Forum for Science, Industry and Business

Sponsored by:     3M 
Search our Site:

 

Rapidly mutating yeast causing more infections

02.04.2009
During the recent years yeasts have been causing more and more infections in humans. One of them can mutate surprisingly quickly by reorganizing its chromosomes. This enables this yeast to tolerate higher doses of anti-fungal medicine. This is shown by new research findings from the Lund University in Sweden.

A yeast named Candida glabrata commonly occurs in humans, usually on our skin. It does little harm there. But if it enters the blood system, it can be directly life threatening to people with poor immune defense, such as cancer and AIDS patients.

"It can actually eat you up from the inside," says Jure Piškur, professor at the Department of Cell and Organism Biology at the Lund University.

Jure Piškur, together with a team of research colleagues, has studied the underlying reasons that this yeast can cause more and more infections in humans. The research team has discovered that Candida glabrata can mutate surprisingly rapidly. Instead of mutations occurring in individual genes, this yeast can mutate by reorganizing their chromosomes and make extra copies of large chromosome pieces.

The consequence of this is that Candida glabrata is becoming more and more resistant to fungicidal medicine. The present research report shows that a certain mini-chromosome can enable the yeast fungus to survive even if it is treated with nearly ten times the normal dose of the fungicide fluconazole.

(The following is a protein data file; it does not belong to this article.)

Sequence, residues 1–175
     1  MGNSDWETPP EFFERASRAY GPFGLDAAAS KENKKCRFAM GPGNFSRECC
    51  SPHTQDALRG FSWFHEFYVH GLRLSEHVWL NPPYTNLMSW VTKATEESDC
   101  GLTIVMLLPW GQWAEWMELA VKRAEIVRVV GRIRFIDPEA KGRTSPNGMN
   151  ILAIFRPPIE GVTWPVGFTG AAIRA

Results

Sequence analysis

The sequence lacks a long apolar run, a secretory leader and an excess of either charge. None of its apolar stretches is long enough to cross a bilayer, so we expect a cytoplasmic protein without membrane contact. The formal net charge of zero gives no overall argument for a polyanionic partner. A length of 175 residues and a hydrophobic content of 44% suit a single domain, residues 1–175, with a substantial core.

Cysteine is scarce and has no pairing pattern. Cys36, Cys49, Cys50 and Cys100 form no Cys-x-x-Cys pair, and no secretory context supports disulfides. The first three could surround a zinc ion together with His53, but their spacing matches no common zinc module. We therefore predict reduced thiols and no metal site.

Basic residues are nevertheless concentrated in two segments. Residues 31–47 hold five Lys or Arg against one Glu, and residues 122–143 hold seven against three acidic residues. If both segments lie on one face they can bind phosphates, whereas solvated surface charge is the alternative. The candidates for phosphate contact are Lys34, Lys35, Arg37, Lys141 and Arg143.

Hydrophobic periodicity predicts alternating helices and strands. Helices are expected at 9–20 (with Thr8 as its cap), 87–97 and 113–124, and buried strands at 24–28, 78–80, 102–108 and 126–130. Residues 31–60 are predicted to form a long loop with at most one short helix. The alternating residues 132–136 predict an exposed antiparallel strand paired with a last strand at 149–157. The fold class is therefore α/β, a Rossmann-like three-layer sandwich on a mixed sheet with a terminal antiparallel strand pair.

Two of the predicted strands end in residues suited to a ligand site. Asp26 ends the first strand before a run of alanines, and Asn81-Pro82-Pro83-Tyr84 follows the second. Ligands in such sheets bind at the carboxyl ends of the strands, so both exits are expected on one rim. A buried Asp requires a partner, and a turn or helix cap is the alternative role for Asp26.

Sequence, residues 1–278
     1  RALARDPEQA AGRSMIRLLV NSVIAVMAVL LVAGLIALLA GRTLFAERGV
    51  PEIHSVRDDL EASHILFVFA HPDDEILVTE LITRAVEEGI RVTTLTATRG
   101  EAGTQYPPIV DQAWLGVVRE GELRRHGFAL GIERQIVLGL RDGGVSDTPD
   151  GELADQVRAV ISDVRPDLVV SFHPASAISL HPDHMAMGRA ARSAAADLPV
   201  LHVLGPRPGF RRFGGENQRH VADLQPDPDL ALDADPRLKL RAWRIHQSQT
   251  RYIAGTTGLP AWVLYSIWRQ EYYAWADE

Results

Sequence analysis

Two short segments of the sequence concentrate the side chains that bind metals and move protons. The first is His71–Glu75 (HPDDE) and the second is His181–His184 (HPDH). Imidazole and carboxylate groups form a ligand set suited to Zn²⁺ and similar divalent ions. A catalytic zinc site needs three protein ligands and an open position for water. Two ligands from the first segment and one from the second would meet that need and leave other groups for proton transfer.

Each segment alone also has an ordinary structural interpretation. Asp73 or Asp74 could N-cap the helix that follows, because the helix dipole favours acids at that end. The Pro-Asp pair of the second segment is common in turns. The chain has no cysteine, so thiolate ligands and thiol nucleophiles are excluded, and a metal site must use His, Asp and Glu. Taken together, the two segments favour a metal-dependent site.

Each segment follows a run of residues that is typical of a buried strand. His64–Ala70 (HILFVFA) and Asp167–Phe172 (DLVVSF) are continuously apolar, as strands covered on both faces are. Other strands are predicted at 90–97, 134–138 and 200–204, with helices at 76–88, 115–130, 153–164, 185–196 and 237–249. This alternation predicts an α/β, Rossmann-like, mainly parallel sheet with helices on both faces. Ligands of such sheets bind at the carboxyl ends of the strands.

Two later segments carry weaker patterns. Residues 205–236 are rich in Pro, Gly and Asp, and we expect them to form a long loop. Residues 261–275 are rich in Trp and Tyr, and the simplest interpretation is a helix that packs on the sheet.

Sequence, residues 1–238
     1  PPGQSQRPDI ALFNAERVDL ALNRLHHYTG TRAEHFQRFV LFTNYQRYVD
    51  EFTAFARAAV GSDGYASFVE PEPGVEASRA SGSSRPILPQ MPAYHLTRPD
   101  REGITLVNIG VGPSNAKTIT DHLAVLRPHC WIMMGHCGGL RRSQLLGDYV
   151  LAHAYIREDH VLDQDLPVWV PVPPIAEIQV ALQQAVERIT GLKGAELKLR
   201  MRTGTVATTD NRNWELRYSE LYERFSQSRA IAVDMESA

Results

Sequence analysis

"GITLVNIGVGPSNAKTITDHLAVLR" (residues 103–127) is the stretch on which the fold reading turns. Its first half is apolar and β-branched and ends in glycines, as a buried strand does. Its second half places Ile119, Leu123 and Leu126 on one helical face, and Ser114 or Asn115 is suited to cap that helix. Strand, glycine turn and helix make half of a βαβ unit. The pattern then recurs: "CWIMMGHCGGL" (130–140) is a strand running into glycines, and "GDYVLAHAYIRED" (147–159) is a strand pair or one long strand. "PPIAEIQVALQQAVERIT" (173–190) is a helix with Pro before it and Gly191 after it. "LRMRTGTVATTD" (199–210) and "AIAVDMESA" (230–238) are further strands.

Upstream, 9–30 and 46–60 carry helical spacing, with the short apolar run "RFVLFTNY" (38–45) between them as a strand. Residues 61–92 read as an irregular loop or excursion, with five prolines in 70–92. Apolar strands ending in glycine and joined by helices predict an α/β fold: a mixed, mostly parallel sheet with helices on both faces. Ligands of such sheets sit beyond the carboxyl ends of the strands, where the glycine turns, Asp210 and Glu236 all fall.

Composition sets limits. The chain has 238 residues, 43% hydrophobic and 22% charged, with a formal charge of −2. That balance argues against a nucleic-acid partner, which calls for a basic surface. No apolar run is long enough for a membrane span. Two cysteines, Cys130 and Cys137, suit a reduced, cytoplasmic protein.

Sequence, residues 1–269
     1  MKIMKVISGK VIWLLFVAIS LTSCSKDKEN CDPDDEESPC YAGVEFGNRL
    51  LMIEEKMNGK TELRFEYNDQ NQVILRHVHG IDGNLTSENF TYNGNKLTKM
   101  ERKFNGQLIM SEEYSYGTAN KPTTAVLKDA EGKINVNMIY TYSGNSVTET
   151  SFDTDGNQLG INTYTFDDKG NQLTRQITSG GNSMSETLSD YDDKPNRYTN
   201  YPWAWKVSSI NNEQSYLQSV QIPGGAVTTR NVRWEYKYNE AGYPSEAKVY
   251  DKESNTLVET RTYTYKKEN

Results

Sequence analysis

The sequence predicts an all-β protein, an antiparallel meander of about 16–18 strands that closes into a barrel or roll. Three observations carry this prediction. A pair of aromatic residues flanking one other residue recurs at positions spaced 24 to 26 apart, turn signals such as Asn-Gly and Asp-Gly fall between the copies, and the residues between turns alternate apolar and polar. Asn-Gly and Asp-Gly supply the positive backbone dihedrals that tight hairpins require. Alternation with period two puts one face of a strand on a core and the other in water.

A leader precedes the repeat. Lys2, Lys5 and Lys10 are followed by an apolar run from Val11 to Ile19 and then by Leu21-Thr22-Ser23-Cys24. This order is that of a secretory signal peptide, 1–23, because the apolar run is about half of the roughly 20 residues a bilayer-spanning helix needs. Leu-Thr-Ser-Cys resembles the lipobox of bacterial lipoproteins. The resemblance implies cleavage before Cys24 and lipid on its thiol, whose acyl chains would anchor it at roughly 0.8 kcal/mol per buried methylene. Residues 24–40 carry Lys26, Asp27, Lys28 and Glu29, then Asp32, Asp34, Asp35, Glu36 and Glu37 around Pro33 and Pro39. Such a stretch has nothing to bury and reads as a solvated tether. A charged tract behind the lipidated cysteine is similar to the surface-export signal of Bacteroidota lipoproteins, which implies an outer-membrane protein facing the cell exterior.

"Our research now aims to identify the weak points in Candida glabrata so that we can develop effective medicine," says Jure Piškur.

Candida glabrata has become the second most common yeast pathogen in humans. It primarily causes irritation, in the genitals, for instance. Jure Piškur stresses that people whose immune defense is normal run very little risk of being affected by the life-threatening form of fungal infection in the blood system.

The most common type of fungus in humans is called Candida albicans and causes commonly occurring infections in women's genitals. This yeast fungus is relatively easy to treat with fungicides. But more and more often after the treatment Candida albicans is replaced with the more resistant Candida glabrata.

The research findings regarding Candida glabrata were recently presented in two scientific journals, PNAS and Nature Review Microbiology.

PNAS 2009 106:2688-2693; published online before print February 9, 2009, doi:10.1073/pnas.0809793106

Fungal Pathogenesis: Varying for virulence
Nature Reviews Microbiology 7, 256 - 257 (01 Apr 2009), doi: 10.1038/nrmicro2125, Research Highlight

For more information, please contact Jure Piškur, phone: +46 (0)46 - 222 83 73 or Jure.Piskur@cob.lu.se

Pressofficer Lena Björk Blixt; Lena.Bjork_Blixt@kanslin.lu.se;+46-46 222 71 86

Facts about chromosomes and genes:
Chromosomes are the structures that all genes sit on. If the genome is seen as a book and chromosomes as the pages of the book, then genes are the words on each page. Instead of individual words changing, which is what happens in normal mutations, in C. glabrata its pages are mixed and in certain cases also copied and placed in the book in a new order. The genes are thus the same as before, but the genetic make-up as a whole is altered and this likely influences the gene expression.

Lena Björk Blixt | idw
Further information:
http://www.vr.se
http://www.pnas.org/content/106/8/2688.full?sid=e1d75c59-1e52-471b-9647-f83d9b54e5b1

More articles from Life Sciences: